A 10-minute bumboat ride away from the mainland, Pulau Ubin is one of the few remaining rural areas in Singapore. A visit to the 2,500-acre island takes you back in time to the 1960s, when people lived in wooden houses and chickens roamed the streets.
One of the main draws of the island is Chek Jawa, nearly 250 acres of wetlands that are home to several ecosystems. These rich marine habitats were nearly destroyed when the area was slated to be filled with earth to expand the coastline. But thanks to the unrelenting lobbying efforts of local biologists, conservationists, and the public, in 1992 the government made a surprising change in its plans and decided to preserve Chek Jawa. Today visitors can take a nice long walk on the boardwalk around the wetlands, best done during low tide.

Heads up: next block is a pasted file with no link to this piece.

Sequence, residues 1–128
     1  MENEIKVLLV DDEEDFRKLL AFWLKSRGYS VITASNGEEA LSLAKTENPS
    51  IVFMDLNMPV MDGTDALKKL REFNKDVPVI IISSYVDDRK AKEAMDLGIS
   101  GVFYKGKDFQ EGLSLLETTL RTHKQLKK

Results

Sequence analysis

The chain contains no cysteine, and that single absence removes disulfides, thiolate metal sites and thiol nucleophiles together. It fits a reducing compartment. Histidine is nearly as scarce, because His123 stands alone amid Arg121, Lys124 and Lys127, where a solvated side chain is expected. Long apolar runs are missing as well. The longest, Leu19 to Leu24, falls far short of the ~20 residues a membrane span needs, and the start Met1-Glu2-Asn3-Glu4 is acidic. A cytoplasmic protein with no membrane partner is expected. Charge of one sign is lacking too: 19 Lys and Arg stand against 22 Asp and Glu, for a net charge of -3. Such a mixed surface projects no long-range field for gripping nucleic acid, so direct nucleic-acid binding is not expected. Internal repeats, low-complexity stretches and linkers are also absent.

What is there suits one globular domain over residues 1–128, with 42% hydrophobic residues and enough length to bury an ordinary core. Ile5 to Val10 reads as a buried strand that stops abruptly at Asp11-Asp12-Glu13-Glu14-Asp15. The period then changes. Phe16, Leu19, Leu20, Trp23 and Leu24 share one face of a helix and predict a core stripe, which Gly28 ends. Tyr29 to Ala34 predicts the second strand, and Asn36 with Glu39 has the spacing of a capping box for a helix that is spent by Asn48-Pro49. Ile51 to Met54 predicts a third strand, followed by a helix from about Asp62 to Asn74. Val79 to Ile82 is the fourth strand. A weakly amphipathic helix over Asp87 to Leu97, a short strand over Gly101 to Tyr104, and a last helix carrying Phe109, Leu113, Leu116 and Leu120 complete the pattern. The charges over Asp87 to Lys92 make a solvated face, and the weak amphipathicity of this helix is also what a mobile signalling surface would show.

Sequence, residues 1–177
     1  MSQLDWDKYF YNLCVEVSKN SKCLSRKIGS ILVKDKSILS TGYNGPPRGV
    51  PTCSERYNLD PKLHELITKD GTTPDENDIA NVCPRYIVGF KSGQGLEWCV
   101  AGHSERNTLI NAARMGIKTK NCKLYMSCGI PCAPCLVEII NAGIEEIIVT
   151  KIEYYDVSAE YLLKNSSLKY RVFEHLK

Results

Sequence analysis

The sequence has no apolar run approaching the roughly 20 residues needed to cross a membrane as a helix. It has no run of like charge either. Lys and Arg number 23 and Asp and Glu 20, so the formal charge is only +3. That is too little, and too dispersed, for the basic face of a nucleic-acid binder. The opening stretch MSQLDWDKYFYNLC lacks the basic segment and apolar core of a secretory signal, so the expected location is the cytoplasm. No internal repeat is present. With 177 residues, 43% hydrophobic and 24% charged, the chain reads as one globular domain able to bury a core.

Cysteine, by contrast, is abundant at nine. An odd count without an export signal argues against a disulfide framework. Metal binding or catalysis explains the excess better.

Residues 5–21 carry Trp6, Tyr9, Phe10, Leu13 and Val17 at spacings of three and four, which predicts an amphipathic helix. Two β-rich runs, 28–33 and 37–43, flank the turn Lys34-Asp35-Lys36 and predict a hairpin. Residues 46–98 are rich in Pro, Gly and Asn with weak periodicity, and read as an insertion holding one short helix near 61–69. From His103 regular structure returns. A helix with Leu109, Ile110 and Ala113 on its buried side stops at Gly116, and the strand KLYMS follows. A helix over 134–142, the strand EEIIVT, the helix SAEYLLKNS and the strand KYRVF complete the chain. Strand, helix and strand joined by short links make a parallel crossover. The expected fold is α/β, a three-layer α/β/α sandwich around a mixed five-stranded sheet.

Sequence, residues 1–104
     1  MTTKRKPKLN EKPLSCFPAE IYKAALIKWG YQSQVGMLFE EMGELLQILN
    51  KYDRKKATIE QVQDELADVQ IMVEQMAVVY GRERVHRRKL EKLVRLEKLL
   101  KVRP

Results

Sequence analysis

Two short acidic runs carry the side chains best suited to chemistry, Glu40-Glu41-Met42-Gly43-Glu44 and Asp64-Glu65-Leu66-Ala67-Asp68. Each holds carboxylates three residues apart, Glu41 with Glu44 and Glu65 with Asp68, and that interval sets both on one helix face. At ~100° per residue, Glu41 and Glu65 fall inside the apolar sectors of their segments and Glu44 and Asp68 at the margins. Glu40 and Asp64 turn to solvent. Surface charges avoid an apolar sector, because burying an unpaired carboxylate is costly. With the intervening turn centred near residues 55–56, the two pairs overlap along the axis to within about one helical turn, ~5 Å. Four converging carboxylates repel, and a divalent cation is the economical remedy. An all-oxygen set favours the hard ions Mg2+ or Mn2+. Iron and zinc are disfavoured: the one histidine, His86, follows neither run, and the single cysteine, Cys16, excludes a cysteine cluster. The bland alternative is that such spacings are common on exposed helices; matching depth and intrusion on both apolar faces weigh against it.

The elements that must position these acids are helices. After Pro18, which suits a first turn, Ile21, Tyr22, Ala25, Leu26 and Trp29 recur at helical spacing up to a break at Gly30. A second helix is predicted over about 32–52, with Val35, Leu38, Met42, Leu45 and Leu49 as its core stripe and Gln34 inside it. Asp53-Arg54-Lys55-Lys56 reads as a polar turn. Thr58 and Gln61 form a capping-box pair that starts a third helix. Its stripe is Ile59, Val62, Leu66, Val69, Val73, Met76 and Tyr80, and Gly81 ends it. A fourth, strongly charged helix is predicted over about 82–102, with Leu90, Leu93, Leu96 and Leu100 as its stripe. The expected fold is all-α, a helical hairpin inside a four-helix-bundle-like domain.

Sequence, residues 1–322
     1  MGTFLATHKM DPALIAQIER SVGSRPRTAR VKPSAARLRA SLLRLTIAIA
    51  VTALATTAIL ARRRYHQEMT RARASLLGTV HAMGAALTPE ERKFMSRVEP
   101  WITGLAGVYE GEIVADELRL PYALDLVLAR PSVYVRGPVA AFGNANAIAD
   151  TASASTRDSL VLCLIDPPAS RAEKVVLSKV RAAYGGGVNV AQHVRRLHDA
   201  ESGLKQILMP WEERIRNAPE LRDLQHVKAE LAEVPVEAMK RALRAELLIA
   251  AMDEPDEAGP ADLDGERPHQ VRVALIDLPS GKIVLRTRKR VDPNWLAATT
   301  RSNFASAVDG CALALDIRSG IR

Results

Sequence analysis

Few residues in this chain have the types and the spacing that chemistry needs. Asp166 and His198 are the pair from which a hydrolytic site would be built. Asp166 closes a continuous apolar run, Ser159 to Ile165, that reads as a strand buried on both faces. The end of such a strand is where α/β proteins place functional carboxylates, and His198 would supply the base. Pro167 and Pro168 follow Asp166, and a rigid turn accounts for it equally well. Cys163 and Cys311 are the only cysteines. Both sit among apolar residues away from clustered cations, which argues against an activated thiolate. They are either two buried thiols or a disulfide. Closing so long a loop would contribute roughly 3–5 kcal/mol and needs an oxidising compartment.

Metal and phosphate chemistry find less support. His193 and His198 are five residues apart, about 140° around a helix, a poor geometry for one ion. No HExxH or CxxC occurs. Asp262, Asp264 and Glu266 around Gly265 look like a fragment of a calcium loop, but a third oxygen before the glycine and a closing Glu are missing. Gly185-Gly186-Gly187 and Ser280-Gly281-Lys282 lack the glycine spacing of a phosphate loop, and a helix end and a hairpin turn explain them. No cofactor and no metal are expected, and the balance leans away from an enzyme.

Perhaps the most impressive sight on the island is the five abandoned granite quarries filled with turquoise water, which have become habitats for wildlife. Granite mining on the island started as early as 1850 and gave the island its name: Pulau Ubin literally means “granite island” in Malay. In its heyday there were more than 10 quarries in operation–a mining boom that attracted people to the island. Between the 1950s and the early 1970s, the population surged to about 2,000 people.
At the time people on Pulau Ubin also cultivated rubber, coffee, nutmeg, durian, and coconut. Some of the residents also fished for a living, both in the open sea as well as in established fish farms. It was a thriving community of island dwellers. When the quarries started closing down in the 1970s, people gradually left. Today less than 30 residents remain on the island. They run businesses that cater largely to visitors: restaurants, bicycle-rental shops, and provision shops. Most of them hope to stay on the island for as long as they can. As Liang Ji Chen, a resident of 88 years, put it: “No amount of money can buy the air that we have on the island.”